So far, the NewsGuard business model is “user pays.” As the company says, “NewsGuard’s revenue comes from Internet Service Providers, browsers, search engines and social platforms paying to use NewsGuard’s ratings.” For example, Microsoft is paying a licensing fee to NewsGuard to incorporate the ratings into Microsoft’s Edge browser.23 In addition, individuals can subscribe to the service for a small monthly fee. It’s not clear how many other platforms are paying, especially since the ratings are publicly available.
Over time, platforms may gravitate towards only featuring news sources that get satisfactory grades from at least two independent raters. That opens the possibility of an “issuer pays” model where news sites pay a fee to get rated, perhaps proportional to their web traffic. This has the advantage that the ratings are public and available to everyone.
Since the 2008-2009 financial crisis, critics have worried about the biases built into the “issuer pays” compensation model for credit ratings agencies. Now that the Covid-19 crisis has placed the credit markets under great stress, these questions are once again coming to the fore. But as we show in this report, nobody has been able to come up an alternative compensation model that is clearly better. There’s no reason to believe that the issuer pays compensation model will get in the way of the necessary effective and independent third party assessment of default probabilities under extreme uncertainty.
Indeed, in the Information Age, the “issuer pays” approach for credit ratings may serve as a good model for other parts of the economy, because it generates a clear signal. We identified another sector, product certification, where “issuer pays” is the dominant model despite its inherent biases. We also consider whether the “issuer pays” model could be applied to certify the quality of journalist organizations, an exceptionally important problem that has been difficult to solve.
- Federal Reserve Board. “Primary Market Corporate Credit Facility,” April 9, 2020. https://www.federalreserve.gov/newsevents/ pressreleases/files/monetary20200409a5.pd
- Federal Reserve Board. “Financial Accounts of the United States – Z.1,” March 12, 2020. https://www.federalreserve.gov/releases/ z1/20200312/html/l213.htm
- S&P Global. “Understanding Standard & Poor’s Rating Definitions,” June 3, 2009. https://www.spratings.com/documents/20184/774196/Understanding+Standard+%26+Poor’s+Rating+Definitions/b2ca0e9d-1162-4a0f-ae1b-03847c9fba37
- S&P Global. “Ratings Performance for Exhibit 1 Form NRSRO,” 2017.
- Moody’s Investors Service. “Credit Ratings Performance Measurement Statistics,” 2017.
- See, for example, “The Financial Crisis Inquiry Report,” issued in January 2011.
- Department of Justice. “Justice Department and State Partners Secure $1.375 Billion Settlement with S&P for Defrauding Investors in the Lead Up to the Financial Crisis,” February 3, 2015. https://www.justice.gov/opa/pr/justice-department-and-state-partners-secure1375-billion-settlement-sp-defrauding-investors
- Department of Justice. “Justice Department and State Partners Secure Nearly $864 Million Settlement With Moody’s Arising From Conduct in the Lead up to the Financial Crisis,” January 13, 2017. https://www.justice.gov/opa/pr/justice-department-and-statepartners-secure-nearly-864-million-settlement-moody-s-arising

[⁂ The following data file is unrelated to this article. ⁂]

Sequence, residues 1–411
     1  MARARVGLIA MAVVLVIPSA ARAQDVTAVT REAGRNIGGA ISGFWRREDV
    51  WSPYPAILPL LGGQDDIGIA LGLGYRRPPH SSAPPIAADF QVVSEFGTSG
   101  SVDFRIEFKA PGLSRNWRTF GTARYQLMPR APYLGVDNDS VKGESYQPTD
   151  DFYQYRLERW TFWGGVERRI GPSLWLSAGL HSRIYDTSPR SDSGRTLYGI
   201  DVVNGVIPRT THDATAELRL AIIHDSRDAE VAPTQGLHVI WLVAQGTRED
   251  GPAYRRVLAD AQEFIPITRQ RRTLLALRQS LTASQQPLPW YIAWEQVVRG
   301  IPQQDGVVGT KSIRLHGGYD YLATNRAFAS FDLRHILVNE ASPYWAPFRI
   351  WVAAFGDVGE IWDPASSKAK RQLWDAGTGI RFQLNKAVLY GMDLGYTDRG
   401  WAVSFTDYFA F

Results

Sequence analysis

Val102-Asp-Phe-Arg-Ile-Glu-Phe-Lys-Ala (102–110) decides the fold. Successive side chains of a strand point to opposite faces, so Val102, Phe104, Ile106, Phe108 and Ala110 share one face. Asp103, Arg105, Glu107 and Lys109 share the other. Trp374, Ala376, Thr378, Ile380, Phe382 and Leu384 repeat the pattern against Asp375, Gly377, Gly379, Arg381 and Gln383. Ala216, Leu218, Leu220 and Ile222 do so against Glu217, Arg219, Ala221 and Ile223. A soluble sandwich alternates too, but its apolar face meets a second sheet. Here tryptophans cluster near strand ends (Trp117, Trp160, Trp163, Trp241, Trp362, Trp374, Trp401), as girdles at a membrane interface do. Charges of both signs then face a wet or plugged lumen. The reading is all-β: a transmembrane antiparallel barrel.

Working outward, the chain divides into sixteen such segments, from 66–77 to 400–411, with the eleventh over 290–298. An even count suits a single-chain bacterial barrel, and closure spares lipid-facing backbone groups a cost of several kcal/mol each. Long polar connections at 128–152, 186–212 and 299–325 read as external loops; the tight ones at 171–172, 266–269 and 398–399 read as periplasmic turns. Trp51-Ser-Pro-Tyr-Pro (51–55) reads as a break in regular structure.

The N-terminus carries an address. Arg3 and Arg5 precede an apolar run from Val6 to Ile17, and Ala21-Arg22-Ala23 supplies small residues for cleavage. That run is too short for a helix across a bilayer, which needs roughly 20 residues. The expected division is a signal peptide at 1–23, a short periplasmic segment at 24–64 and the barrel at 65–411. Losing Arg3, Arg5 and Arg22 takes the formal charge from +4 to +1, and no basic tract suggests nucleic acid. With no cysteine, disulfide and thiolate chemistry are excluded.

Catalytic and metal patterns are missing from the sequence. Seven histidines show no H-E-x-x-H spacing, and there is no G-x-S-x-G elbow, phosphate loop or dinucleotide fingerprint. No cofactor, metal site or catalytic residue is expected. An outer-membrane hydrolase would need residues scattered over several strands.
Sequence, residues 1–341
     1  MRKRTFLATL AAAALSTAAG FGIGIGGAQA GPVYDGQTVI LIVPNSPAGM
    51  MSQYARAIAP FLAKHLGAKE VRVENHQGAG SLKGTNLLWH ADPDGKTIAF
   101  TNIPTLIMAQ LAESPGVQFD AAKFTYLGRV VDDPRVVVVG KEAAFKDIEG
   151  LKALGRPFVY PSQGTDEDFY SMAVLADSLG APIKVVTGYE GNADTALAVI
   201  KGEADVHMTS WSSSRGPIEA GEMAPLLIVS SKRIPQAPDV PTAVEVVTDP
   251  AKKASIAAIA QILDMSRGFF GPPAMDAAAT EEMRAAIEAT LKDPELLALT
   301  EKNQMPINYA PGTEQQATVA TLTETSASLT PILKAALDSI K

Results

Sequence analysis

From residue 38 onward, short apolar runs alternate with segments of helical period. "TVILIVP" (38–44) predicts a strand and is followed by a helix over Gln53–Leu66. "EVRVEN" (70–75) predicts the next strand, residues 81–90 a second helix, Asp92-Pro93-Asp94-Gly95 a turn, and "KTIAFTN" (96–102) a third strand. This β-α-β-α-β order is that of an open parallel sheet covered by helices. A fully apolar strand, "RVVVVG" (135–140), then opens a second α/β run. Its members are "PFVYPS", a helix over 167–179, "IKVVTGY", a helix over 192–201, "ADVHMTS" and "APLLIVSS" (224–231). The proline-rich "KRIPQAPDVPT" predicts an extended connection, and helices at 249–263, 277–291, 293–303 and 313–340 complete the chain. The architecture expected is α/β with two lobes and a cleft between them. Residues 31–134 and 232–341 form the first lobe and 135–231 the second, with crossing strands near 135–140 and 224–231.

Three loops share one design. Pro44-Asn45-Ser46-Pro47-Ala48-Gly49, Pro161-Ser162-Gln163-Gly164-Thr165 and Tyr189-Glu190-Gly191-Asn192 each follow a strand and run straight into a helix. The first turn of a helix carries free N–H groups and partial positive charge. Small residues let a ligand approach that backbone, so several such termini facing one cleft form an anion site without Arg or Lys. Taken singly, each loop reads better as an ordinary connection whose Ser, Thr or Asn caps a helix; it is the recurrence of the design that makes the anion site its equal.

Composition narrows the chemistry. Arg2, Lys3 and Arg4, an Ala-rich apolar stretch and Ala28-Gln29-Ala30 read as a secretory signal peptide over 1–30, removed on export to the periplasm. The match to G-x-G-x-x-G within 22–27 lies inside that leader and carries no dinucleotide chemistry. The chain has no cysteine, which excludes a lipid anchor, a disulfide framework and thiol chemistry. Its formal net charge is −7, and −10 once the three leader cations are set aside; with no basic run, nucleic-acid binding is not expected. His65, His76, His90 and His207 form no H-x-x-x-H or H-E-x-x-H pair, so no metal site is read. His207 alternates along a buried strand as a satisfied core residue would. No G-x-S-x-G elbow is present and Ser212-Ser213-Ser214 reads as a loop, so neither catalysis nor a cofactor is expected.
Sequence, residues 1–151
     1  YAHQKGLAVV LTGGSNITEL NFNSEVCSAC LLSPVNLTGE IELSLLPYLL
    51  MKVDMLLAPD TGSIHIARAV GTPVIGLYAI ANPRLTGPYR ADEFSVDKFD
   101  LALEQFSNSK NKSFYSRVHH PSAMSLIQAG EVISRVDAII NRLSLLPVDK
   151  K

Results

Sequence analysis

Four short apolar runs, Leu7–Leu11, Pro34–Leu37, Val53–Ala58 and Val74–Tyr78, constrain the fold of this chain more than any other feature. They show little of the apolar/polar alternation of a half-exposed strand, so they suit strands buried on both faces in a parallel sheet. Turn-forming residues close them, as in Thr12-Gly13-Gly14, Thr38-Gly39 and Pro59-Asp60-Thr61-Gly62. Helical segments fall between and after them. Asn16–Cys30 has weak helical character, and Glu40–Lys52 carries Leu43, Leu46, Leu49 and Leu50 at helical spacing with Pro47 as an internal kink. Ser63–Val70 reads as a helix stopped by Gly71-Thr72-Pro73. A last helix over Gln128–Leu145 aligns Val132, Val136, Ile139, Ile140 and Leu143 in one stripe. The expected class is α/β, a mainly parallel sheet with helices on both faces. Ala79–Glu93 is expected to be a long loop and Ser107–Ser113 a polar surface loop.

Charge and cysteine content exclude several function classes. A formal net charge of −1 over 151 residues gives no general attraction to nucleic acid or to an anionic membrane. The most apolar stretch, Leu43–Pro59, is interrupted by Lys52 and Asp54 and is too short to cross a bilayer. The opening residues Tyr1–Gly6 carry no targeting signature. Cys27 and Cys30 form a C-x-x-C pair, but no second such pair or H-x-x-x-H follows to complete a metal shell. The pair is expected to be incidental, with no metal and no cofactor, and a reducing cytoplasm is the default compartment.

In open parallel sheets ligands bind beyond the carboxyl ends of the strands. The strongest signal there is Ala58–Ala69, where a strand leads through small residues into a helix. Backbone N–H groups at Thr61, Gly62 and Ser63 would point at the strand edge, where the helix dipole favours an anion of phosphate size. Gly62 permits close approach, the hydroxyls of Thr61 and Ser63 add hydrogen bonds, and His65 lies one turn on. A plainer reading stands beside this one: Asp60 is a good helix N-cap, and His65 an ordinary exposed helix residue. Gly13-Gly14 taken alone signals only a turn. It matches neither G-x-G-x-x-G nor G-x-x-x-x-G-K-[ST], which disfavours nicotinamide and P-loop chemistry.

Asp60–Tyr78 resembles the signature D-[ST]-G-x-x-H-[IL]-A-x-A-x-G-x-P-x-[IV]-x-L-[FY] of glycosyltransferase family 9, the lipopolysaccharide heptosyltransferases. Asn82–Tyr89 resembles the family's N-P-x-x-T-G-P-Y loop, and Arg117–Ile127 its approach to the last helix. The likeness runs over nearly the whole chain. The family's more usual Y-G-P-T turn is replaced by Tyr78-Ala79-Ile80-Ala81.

- He, Jie, Jun Qian, and Philip E. Strahan. “Does the Market Understand Rating Shopping? Predicting MBS Losses with Initial Yields,” Review of Financial Studies 29. 2015.
- 10 Mathias Kronlund. “Do Bond Issuers Shop for Favorable Credit Ratings?” University of Illinois at Urbana-Champaign, June 2019.
- For example, the index for S&P’s methodologies is found here. https://www.standardandpoors.com/en_US/web/guest/article/-/view/ sourceId/5475093
- SEC Chairman Jay Clayton. “Remarks at Meeting of the Fixed Income Market Structure Advisory Committee,” November 4, 2019. https:// www.sec.gov/news/public-statement/statement-clayton-fimsac-110419
- The current structure has the nonprofit Underwriters Laboratory, which does research and sets standards, as the parent organization of the for-profit UL LLC, which gets paid for certification.
- Occupational Safety and Health Administration, “Current List of NRTLs.” https://www.osha.gov/dts/otpca/nrtl/nrtllist.html
- “U.S. government declares hoverboards unsafe,” Mashable, February 19,2016. https://mashable.com/2016/02/19/hoverboards-unsafe/
- “UL: Still Safety’s Symbol? Underwriters Laboratories Draws Fire on Product Tests,” Washington Post, November 24, 1999. https:// www.washingtonpost.com/archive/politics/1999/11/24/ul-still-safetys-symbol-underwriters-laboratories-draws-fire-on-producttests/1107da66-33ab-400c-8c6b-3f2e3b48818c/ “A Change of Pace for Underwriters Laboratories,” Washington Post, January 2, 2002. https://www.washingtonpost.com/archive/business/2002/01/02/a-change-of-pace-for-underwriters-laboratories/9872768f-26ab-443c880c-9b06d67afadc/
- European Commission. “CE Marking: Manufacturers.” https://ec.europa.eu/growth/single-market/ce-marking/manufacturers_en
- European Commission. “Single Market for Goods: Notified Bodies” https://ec.europa.eu/growth/single-market/goods/building-blocks/ notified-bodies_en
- “Breast implant, diesel cases expose lax EU oversight,” Politico.eu, November 12, 2015. https://www.politico.eu/article/eu-consumerproduct-lax-certifiers-of-breast-implant-diesel-engines-notified-bodies/
- “Newsguard Rating Process and Criteria.” https://www.newsguardtech.com/ratings/rating-process-criteria/
- “Factbox: ‘Fake News’ laws around the world,” Reuters, April 2, 2019 https://www.reuters.com/article/us-singapore-politics-fakenewsfactbox/factbox-fake-news-laws-around-the-world-idUSKCN1RE0XN
- European Commission. “Code of Practice on Disinformation one year on: online platforms submit self-assessment reports,” October 29, 2019. https://ec.europa.eu/commission/presscorner/detail/en/statement_19_6166
- “Just Trust Us,” Slate, January 25, 2019. https://slate.com/technology/2019/01/newsguard-nuzzelrank-media-ratings-fake-news.html